PR veteran Arthur Solomon’s recent post about challenging basic public relations “rules” and other industry tenets really struck a chord with me.
The most insightful point may have been this one: “Good work is not a sure way of receiving client approval. The best way to ensure a good review is to make the client look good.”
That’s insightful, because doing good work and making the client look good are both desirable, but they are not necessarily one and the same. Here’s my best advice for achieving one through the other.
Don’t be selfish. Selfish thinking is really short-term thinking. Agency professionals are trained to expand accounts and always have an eye out for additional assignments within the company. That’s natural, but there are times when the obligation to offer honest counsel may conflict with the agency goals of growth and profitability. A good long-term rule is to ask yourself what is truly best for the client. Nine times out of 10, that’s also what’s best for the long-term agency relationship.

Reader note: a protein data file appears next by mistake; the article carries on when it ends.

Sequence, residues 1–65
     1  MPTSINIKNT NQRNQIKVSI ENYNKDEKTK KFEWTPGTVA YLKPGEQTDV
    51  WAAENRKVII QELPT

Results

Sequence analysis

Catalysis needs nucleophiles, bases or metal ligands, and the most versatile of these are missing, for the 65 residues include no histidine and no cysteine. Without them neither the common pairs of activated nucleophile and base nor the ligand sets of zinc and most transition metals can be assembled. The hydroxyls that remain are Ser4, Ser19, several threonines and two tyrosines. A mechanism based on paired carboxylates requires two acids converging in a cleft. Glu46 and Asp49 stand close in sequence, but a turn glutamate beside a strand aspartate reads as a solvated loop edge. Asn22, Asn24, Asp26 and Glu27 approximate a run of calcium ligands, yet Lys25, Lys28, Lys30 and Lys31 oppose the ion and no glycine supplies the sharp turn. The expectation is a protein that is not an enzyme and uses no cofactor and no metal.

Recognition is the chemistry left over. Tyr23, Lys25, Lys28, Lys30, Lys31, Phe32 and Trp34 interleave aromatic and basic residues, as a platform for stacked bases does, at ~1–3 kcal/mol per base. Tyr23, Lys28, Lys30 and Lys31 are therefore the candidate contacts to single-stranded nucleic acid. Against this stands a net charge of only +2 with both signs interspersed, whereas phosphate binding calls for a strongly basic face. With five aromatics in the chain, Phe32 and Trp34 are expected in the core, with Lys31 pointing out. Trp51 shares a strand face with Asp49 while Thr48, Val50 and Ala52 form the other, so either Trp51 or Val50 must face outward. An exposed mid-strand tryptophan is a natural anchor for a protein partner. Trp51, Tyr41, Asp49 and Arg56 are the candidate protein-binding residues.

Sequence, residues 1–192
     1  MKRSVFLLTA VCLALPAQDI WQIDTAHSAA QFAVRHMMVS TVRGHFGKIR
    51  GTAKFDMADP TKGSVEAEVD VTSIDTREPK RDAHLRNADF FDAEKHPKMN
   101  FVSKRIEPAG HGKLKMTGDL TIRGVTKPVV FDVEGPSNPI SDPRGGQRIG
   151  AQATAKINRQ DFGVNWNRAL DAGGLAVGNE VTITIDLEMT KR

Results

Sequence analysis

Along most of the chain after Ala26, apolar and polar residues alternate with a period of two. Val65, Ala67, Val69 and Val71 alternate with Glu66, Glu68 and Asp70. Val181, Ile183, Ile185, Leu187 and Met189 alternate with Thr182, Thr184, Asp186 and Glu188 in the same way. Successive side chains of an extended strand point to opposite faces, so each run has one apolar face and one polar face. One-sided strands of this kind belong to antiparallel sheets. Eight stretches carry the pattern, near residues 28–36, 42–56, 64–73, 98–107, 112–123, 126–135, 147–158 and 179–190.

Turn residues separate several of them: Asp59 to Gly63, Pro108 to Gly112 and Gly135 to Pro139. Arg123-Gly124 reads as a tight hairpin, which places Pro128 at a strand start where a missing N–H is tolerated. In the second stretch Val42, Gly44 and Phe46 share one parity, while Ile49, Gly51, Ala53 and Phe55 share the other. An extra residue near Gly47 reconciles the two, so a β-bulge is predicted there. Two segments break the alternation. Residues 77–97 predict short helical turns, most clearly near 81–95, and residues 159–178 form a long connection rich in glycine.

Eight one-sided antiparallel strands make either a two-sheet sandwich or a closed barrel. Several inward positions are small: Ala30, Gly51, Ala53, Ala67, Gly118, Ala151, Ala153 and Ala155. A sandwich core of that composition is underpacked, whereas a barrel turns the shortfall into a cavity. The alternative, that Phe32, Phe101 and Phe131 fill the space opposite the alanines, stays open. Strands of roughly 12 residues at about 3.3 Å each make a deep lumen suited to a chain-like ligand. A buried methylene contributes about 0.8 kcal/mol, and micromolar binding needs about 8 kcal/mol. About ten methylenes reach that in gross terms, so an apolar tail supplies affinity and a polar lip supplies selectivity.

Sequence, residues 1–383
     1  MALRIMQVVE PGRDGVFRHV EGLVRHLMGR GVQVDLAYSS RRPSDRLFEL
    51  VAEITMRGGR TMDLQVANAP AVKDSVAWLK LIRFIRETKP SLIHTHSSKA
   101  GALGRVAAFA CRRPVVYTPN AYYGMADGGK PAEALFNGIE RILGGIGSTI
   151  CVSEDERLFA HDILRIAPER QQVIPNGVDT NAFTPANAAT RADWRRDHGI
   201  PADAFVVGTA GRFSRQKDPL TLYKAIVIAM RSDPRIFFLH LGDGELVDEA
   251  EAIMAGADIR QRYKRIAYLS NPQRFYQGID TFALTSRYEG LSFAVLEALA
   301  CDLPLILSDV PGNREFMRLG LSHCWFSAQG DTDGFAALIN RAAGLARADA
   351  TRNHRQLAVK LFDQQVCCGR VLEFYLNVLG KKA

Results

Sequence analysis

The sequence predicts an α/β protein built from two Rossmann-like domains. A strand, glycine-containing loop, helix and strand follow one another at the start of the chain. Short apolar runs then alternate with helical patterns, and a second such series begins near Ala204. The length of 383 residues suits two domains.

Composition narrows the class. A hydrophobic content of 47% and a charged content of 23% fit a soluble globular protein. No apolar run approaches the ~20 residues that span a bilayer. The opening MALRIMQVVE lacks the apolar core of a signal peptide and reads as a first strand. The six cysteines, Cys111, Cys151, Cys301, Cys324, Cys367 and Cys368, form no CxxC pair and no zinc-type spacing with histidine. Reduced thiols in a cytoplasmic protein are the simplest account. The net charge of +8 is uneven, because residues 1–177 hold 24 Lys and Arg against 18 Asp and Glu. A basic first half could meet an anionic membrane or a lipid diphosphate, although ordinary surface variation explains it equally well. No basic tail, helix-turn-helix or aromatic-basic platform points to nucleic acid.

Solve problems. There are almost always pain points that fall outside the agency’s scope of work. Offering solutions, particularly when they relate to navigating corporate politics or enhancing the stature of corporate communications within the organization, are natural ways to get your client promoted. Isn’t that every PR person’s goal?
Don’t be a yes-person. No client worth his mettle wants an order-taker. The client’s role—and, by extension, ours—is to help the organization engage key constituencies and enable management to make smart decisions, not drink the corporate Kool-Aid.
Represent the client well within the organization. Every agency pro knows to be respectful of our client contact when engaging throughout the company, but we can go further and act as ambassadors for the internal communications department as a strategic business function.